Jennifer Bonine: Right. I'm thinking about that. Now for folks out there who may be struggling with communicating a message or showing the value of what they're doing to executives, any advice for them having come from that executive seat yourself, on what you're looking for or how to send that message in a way that it makes sense to you as a leader or an executive in an organization?
Michael Sowers: That's a wonderful question. My elevator speech on testing, when somebody asked me about what do as a tester … What does your organization do, or something like that, has always been insurance against business risk. Now if I have more time I can kind of peel the onion on that, but the byline is insurance against business risk. I think that's what executives are looking for. You get their attention when you say, "Oh, yeah, I've had some business risk," as evidence of the companies that we've talked about or others that have had issues over these last twelve months. I've had some business risk, maybe I do want to invest more in testing and in fact we're seeing, there's some studies. You can pick up pretty much any industry study where the percent of investment in testing has actually been increasing in the last few years.
Jennifer Bonine: Yeah, I mean, the World Quality Report right?
Michael Sowers: Yes, that's right.
Jennifer Bonine: The folks who do that are here at the conference, the collaboration partnership of HP and Capgemini and those guys that put it together, I think really nicely illustrate exactly that. People spending more money because they don't want to have that risk, they don't want to have that exposure that they seen other people have so let's invest in it and figure out how to do that in the right ways.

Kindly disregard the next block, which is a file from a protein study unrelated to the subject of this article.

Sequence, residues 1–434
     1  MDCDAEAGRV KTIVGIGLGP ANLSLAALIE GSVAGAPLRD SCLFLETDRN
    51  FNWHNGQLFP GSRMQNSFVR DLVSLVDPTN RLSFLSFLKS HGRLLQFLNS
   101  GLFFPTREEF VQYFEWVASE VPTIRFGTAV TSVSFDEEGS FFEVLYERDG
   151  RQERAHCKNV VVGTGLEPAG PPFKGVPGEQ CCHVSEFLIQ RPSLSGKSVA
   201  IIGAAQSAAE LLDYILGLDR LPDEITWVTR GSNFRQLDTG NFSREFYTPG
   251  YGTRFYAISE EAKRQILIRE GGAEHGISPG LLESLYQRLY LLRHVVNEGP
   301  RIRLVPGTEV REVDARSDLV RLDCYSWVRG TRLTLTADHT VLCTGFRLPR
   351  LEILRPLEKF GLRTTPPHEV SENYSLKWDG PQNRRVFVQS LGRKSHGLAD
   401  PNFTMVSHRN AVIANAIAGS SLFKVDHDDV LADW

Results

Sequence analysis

Michael Sowers: Yeah, my firm belief is that companies that deliver good enough products, relatively our competition, are going to be the one that will win and of course that quality standard always goes up. Today, I can download an app to my phone via the PlayStore, I can take a look at it and in sixty seconds, I can decide whether or not I'm going to keep it or I'm going to uninstall it. So we don't have very many chances to deliver a good clean message to our consumers around a level of quality.
Jennifer Bonine: Oh yeah, the level of exposure has went up. With all the social media and all the availability of people to get a message out. No longer is it you wait for the news to hear about an exposure that happened. It's everywhere, almost instantaneously. So I think just the visibility has grown so incredible with all the technology we have at our fingertips. It goes so fast, we're already out of time but if people want to hear more, have questions for you I didn't ask, of course we want them to tune in this afternoon for your keynote. How can they find you?
Michael Sowers: Sure, I'm available at the SQE website. You can click on my link there. Also available on Twitter @michaelsowers4, and probably several other ways that you can reach me that I don't even know about.
Jennifer Bonine: You can find him. Thank you so much, Mike, for your time. I appreciate it.
Michael Sowers: Thank you, Jennifer.
Jennifer Bonine: It was great.
Michael Sowers: It's a pleasure being here.
Mike Sowers has more than twenty-five years of practical experience as a global quality and test leader of internationally distributed test teams across multiple industries. Mike is a senior consultant, skilled in working with both large and small organizations to improve their software development, testing, and delivery approaches. He has worked with companies including Fidelity Investments, PepsiCo, FedEx, Southwest Airlines, Wells Fargo, ADP, and Lockheed to improve software quality, reduce time to market, and decrease costs. With his passion for helping teams deliver software faster, better, and cheaper, Mike has mentored and coached senior software leaders, small teams, and direct contributors worldwide.